Ant: good Great message So part of coaching their first pillar is around enhancing relationships So when we start getting into what coaching is really all about if we can’t tell we’re going to have to be really good at asking questions And so we talk about asking powerful questions what does that mean for you


Terry: Just what we said before you want to elicit insight in people to show them maybe  what they’re not seeing but also gather information to be able to understand


Ant: Yeah I F I find it’s like getting them to really interrogate reality differently Yeah But asking the question that hits in between the eyes So they really start thinking differently it doesn’t matter if you’re coaching someone for half an hour or even you might only have five minutes to coach someone on the run in between meetings or whatever If you could do nothing more than just have one path a question to ask are still think that would be the most important use of that time If that powerful question really got them to have some insight so a couple of the examples that I picked up in your story why do you think you need a program Why do you think you needed a diet plan Why do you think you need a footwork plan those are simple but actually really powerful questions


Terry: Yeah Yeah It’s yeah it does help you I guess stop And as you say confront reality in a different way and see it from different perspective Cause  it’s almost something you can’t see the forest from the trees Cause we’re so close to our own problems And that’s your value as a coach Cause you’re not in the trees with the person


Ant: Yeah And when they need to explain it back to you then it starts to get them to really think through their reality and start to shape it Maybe ask some questions and maybe even  getting them to challenge their own reality And that is far better than us saying Hey Tierra you know what You’re not ready for that promotion You know what Terry I don’t think you’re very good in your current job Not that I’m saying that’s terrible those sort of kind of statements is a as a coach they just don’t work as well because you’re going to start eroding that relationship piece Whereas if you could finding ways to ask questions carefully measured questions powerful questions so instead of saying things like you’re not ready for that job I would ask something like Teresa what do you think those people in their more senior roles they actually do And w what sort of things did they discuss in those meetings what attracts you to it How do you see your current skills being useful  in a more senior role So it’s getting that person to explore it rather than telling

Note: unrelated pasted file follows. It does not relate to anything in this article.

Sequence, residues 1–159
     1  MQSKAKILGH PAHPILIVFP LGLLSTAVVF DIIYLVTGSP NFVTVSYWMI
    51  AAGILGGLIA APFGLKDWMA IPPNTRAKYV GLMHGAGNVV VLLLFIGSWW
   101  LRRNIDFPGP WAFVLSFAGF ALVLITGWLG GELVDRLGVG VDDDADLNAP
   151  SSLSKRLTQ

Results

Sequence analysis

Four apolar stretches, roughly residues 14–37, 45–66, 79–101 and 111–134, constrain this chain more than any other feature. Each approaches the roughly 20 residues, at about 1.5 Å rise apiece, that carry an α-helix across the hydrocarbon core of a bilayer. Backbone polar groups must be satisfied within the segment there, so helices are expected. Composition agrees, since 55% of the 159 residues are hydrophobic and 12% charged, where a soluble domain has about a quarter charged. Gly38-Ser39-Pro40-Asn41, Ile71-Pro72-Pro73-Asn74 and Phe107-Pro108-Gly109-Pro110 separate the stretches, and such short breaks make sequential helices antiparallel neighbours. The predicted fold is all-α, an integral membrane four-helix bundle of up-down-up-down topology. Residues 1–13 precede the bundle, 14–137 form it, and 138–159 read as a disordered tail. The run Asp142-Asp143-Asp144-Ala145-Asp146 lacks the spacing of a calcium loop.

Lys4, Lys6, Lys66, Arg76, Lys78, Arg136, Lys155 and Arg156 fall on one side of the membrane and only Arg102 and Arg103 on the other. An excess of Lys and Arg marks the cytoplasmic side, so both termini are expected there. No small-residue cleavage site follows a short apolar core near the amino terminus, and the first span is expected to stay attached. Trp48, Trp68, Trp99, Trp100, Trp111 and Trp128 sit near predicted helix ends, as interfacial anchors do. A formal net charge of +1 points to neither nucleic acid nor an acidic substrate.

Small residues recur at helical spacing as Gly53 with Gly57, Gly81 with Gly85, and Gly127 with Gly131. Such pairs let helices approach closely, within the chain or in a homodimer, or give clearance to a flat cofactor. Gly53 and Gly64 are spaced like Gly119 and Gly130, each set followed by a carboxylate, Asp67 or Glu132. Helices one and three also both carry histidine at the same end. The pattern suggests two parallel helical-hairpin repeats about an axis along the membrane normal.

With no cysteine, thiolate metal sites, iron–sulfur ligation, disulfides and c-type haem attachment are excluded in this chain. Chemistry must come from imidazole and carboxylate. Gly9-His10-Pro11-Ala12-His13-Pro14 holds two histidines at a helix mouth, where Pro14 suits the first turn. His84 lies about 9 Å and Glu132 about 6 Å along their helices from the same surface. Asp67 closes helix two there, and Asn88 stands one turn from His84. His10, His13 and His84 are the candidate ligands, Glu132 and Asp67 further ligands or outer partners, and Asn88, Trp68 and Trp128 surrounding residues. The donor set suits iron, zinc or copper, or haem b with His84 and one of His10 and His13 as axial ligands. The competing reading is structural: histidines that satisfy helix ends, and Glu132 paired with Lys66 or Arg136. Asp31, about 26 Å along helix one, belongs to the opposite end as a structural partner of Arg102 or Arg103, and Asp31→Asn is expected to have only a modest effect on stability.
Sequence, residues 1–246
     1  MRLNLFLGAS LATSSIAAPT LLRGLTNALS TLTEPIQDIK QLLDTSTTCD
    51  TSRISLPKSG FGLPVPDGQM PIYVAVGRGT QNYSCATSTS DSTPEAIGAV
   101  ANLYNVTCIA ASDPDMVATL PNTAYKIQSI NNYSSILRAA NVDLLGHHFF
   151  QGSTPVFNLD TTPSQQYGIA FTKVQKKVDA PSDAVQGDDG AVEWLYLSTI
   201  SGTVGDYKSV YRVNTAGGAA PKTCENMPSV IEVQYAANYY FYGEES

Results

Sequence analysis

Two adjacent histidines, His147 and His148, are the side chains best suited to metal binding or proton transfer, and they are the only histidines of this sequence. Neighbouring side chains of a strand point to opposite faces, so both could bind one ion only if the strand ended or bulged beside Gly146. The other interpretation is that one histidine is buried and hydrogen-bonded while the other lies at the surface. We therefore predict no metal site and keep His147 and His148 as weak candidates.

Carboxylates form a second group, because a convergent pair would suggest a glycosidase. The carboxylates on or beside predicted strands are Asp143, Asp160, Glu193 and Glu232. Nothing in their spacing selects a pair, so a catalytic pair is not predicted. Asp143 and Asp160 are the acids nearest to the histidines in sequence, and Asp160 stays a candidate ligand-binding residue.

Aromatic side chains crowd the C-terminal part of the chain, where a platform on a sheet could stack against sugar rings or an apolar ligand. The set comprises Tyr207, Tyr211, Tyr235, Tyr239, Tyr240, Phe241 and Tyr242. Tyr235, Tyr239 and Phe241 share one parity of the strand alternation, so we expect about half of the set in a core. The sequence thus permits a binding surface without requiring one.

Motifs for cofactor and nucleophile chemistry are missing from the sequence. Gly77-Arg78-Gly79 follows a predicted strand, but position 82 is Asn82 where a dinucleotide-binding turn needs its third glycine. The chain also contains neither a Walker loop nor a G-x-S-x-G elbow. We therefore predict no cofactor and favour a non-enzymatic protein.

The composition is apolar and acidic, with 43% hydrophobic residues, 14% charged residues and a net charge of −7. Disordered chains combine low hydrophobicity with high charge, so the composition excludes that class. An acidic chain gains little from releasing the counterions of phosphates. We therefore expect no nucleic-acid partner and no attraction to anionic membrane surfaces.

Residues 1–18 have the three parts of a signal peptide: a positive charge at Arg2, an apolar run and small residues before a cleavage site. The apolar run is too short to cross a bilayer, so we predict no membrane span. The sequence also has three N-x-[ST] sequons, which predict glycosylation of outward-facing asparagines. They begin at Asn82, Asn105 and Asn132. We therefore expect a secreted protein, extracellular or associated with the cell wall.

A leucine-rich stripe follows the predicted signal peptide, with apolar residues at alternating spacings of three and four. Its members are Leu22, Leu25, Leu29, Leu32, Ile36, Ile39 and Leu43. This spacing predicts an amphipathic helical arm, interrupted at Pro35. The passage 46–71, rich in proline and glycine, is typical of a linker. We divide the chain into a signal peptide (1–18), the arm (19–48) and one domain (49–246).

Terry: much more of a pool more of a pool type strategy And I think the reason that’s important is because if you go and like you said before Just tell someone that’s a real push top strategy and it’s Newton’s laws of motion right For every action there’s an equal and opposite reaction Yeah Did someone like that What are you Do you create defensiveness Yeah So you actually make that person have to justify and dig into their current position because if they actually just fall to you then they actually drop in status so now I’m actually gonna create an adversary when I’m actually trying to help